The Youth of Y4PT are not prepared to wait for older generations to come up with the answers. Why wait, when 8.8 million lives a year could be saved? At each Local and Global Hackathon, ideas are pitched that can solve these problems. From the improved air pollution monitoring hardware of Montréal Global Finale 2nd Prize-winners “Air4”, to the integrated rural transport of Menden Local Hackathon winners “Get moving”, Y4PT teams are offering improvement, optimisation and innovation at every step. Skilful teams of young minds develop these ideas, carrying them forward and exposing visiting mentors, judges and supporters to the inescapable truth that things can be done differently, and that the people capable of making these changes are already here. We must welcome and invite them. We must employ them; and not to continue our work as it already stands, but to listen to them, learn from them. They know how to make it work, and they know that it is practical and logical to improve.

 

“Technology moves forward rapidly, and […] current standards tend to leap behind quickly. Therefore nowadays humanity is still actively looking for popular movements which could eventually become the standard. So once humanity can be convinced to adopt a greener or better standard, this might become the next million-dollars platform for the years to come.” – Johnny Heesterbeek, Engineer and Y4PT Hackathon Participant.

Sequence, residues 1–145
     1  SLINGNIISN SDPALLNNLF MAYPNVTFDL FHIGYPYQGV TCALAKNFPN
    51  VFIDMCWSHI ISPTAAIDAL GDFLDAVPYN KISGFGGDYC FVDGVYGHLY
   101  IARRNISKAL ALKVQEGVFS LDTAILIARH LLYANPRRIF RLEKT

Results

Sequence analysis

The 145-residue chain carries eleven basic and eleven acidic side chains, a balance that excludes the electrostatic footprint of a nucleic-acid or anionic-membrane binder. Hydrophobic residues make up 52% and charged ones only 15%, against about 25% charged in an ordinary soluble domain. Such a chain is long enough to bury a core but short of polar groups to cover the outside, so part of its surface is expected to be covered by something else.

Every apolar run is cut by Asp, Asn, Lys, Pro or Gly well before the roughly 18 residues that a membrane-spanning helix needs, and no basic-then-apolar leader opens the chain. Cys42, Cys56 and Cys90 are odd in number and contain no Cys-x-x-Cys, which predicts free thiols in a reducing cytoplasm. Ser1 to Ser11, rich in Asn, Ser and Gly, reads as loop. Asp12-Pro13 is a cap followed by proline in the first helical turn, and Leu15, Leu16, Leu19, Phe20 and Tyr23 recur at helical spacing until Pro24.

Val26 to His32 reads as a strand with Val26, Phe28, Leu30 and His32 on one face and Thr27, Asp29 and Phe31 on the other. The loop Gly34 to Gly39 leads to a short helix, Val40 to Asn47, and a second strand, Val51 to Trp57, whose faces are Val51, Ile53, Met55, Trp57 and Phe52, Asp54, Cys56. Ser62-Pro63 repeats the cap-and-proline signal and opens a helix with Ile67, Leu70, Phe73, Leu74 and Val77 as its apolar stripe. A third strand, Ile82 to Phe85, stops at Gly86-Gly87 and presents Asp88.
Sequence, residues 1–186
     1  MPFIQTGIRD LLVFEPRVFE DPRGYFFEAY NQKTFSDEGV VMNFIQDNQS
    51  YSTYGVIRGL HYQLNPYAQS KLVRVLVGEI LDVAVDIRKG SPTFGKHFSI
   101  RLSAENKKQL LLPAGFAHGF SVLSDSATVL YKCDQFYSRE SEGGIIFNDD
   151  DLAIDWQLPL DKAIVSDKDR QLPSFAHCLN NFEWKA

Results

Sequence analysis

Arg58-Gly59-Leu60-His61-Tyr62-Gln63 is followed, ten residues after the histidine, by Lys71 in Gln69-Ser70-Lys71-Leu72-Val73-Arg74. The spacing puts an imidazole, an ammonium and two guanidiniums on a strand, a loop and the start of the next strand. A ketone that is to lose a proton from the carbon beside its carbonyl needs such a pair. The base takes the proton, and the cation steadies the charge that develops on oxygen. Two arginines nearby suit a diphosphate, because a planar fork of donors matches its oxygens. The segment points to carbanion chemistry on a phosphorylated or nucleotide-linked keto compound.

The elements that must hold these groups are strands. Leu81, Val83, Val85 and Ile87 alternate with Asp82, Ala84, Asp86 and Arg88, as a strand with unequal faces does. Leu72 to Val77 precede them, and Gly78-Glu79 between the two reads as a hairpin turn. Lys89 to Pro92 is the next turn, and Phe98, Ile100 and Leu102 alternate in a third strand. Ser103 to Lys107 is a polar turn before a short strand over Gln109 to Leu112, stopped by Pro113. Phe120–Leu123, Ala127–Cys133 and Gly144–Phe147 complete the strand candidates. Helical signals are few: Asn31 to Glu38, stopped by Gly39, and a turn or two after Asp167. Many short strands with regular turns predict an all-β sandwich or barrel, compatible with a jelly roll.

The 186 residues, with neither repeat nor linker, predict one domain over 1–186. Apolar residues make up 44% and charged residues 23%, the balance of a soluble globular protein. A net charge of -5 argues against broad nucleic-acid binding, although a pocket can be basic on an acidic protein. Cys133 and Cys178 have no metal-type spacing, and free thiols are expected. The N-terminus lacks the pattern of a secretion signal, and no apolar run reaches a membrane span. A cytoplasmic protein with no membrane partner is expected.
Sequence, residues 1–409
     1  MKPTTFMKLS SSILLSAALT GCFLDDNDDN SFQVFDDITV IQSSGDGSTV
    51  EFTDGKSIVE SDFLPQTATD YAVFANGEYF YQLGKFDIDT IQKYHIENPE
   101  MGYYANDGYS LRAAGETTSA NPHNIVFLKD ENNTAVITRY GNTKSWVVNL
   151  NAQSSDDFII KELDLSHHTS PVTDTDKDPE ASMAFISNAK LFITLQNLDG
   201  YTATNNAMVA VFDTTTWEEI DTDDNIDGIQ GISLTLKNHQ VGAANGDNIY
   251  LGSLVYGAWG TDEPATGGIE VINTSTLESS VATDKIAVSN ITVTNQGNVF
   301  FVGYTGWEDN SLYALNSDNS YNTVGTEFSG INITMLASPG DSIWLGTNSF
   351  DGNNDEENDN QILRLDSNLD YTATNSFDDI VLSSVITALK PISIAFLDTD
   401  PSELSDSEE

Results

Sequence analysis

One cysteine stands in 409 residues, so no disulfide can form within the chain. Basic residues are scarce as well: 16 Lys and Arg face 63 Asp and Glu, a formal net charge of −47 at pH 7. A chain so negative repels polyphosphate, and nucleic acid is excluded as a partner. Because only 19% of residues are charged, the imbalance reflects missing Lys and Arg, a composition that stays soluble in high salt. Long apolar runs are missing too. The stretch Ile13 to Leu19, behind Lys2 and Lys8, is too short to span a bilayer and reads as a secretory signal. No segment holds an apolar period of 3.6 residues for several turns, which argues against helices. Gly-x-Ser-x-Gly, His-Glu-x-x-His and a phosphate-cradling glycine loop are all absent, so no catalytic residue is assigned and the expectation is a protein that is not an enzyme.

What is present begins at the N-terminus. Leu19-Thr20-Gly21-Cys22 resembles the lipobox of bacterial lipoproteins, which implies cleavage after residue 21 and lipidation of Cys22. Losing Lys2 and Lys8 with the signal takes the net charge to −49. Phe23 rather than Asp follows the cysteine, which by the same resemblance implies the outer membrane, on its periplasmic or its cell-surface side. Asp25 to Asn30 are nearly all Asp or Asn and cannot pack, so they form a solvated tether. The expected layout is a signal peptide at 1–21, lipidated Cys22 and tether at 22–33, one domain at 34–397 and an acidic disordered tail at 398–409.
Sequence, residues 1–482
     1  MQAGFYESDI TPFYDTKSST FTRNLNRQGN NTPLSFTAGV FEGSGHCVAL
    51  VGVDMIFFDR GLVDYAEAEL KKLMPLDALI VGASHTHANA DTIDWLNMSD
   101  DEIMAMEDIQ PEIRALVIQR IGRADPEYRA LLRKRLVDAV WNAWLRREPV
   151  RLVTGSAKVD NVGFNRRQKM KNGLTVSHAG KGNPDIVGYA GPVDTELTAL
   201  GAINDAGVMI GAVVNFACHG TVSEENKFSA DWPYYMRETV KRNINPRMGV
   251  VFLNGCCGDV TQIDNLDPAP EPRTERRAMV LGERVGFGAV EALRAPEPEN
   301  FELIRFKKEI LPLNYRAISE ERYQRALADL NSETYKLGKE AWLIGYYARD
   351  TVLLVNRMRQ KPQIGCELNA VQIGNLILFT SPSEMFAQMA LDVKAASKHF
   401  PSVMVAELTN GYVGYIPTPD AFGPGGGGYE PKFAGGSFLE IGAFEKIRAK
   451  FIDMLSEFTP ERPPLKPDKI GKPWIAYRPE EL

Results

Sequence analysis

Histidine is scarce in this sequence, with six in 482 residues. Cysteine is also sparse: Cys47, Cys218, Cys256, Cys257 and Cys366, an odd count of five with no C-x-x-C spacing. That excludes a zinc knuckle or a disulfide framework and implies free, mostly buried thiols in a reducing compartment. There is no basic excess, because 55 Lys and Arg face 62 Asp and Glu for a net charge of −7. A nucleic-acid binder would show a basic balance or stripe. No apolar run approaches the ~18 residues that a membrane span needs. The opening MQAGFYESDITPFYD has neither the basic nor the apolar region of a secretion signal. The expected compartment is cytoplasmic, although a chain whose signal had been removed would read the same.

The world is listening to the youth, and is beginning to change. Even those of us motivated only by the bottom line are aware that these changes must be made.  What is best for us as humans, is best for us as cities, as countries, and as a planet. A healthy way may seem simple and obvious, and ideas promoting it are often selected to win these competitive Hackathons – so why do we keep avoiding it in our everyday lives?